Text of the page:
Now granted, the 79 plus-signs are a masterpiece of deliberately distracting design. Arguably the flagship of the whole sleepwalker campaign.
But I just have a wee bit of a problem with the choice of colour and arrangement of the pluses.
You see, I don’t know about you, but to me these signs, when arranged so neatly in rows, do not look like pluses.
They look like crosses.
A field of uniform white crosses arranged neatly in rows does not equal something positive in my experience. It equals only one thing.
Epidemic-type death. As found in hospitals.
The white cross is what you get when the Red Cross has failed, as it were.
If you must have pluses that look like crosses that suggest nurses, shouldn’t they be red ones?
Or is red on National billboards too much of a reminder of the Brash old days?
Don’t misunderstand me though, chaps. I’m all for cleaning out the bureaucrats.
In fact, this image reminds me that decades ago I suggested to a Ministry of Transport bureaucrat that they should place a white cross by the roadside everywhere someone was killed by a car.
He told me it would cause more accidents than it prevented. The public, of course, knew otherwise, and in due course did it anyway.
So let’s have fewer bureaucrats. But let’s not have ‘less’ of them. That’s bad grammar. (Don and Richard Long wouldn’t have let that one through.)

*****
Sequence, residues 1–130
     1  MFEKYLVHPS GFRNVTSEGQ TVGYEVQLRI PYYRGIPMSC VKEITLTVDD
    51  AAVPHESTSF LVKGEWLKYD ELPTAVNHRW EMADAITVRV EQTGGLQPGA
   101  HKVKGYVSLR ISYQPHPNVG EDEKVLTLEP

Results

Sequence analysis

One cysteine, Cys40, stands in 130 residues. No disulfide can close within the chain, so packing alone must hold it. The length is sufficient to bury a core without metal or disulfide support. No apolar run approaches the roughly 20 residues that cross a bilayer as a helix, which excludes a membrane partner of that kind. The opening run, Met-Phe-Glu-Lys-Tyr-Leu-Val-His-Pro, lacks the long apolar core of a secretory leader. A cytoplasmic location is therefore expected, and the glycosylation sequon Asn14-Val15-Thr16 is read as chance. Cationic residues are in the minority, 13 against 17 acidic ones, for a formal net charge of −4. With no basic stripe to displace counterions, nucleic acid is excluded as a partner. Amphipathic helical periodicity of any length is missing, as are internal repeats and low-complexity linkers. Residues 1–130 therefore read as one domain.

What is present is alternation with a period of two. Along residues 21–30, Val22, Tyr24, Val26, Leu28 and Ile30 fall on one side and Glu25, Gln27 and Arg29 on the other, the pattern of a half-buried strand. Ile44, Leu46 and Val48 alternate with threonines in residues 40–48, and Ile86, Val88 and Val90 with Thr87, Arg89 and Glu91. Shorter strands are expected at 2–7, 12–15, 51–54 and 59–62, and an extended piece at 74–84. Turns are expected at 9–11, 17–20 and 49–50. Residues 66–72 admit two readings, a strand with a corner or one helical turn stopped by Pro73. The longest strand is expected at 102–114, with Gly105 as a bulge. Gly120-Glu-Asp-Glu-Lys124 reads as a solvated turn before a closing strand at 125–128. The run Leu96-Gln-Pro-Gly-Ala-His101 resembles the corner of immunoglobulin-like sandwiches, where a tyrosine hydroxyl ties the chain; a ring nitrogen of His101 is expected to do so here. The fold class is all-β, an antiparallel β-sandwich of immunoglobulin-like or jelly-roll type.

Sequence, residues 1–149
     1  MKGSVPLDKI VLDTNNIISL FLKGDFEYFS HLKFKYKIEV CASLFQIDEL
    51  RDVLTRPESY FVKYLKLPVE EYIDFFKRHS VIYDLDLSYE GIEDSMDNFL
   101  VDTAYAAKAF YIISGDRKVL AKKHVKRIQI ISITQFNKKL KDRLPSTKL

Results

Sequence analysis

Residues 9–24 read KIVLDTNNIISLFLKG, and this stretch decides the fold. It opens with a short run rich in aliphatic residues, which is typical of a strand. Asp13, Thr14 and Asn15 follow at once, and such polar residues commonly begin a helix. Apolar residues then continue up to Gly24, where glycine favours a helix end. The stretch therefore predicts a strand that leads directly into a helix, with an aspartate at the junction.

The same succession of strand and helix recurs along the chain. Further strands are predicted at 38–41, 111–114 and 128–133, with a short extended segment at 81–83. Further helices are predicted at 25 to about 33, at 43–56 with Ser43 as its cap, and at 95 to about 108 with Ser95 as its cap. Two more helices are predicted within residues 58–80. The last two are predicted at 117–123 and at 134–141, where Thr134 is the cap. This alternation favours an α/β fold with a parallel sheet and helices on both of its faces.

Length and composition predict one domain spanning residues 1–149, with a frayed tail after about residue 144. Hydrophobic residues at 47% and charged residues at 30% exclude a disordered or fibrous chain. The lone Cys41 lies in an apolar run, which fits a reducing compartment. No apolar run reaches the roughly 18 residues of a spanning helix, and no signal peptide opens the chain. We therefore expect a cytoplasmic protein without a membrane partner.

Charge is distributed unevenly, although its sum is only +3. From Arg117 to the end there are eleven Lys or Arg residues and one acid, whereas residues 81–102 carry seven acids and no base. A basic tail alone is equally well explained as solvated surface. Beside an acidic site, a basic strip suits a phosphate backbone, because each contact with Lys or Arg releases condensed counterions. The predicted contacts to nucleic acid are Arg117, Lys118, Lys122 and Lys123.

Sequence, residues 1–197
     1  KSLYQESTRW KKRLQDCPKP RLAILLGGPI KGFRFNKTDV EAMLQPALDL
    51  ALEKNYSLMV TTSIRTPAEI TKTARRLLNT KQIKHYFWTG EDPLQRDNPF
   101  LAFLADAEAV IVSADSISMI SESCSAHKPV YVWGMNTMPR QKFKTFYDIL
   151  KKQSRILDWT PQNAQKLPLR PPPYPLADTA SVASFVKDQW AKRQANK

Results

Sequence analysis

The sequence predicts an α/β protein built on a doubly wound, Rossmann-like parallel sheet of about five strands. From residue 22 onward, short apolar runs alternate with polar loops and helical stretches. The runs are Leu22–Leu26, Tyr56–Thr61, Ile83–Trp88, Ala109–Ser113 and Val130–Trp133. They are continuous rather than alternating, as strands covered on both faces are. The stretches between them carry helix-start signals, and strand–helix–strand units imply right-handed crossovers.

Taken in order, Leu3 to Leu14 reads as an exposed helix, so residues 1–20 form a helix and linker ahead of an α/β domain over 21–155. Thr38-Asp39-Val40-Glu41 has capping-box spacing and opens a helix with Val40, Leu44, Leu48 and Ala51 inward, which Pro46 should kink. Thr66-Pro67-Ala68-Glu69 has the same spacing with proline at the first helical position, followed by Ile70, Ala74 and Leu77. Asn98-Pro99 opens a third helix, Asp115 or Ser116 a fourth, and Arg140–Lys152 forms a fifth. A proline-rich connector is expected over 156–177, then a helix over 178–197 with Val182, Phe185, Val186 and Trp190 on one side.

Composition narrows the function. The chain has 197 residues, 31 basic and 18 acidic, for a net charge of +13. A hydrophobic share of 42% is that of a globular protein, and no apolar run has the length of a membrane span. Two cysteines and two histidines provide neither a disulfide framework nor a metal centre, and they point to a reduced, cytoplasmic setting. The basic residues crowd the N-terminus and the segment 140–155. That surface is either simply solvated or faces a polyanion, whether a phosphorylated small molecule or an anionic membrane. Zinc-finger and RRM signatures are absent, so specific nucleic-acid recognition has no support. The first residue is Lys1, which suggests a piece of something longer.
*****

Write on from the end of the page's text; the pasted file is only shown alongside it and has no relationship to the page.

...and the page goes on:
Which brings me neatly to the education billboard.
An ad for Labour
5 faces, 20 words, 2 arrows, 1 website.
To me, four smiley faces and one glum face says that education is 80% sorted.
Now when I was at school, 80% was an A.
Of course, under NCEA, E is A, and A is C, and NA is E, and M is B. But my point is this. With this message, National are saying that four out of five kids are leaving school as happy as Larry.
Which in my book makes this an ad for Labour.
However, the use of padlocks instead of the more obvious doors (open home and locked prison), together with the ten-word headline, does much to seize back obscurity from the jaws of clarity.
But that headline is a true community effort. Well done.
17 words, 2 arrows, 1 website.
Now this one is seriously out of step with the rest of the campaign. It borders dangerously on the bold – so much so that it’s at risk of being noticed and labelled clever.
Perhaps it should be quietly dropped.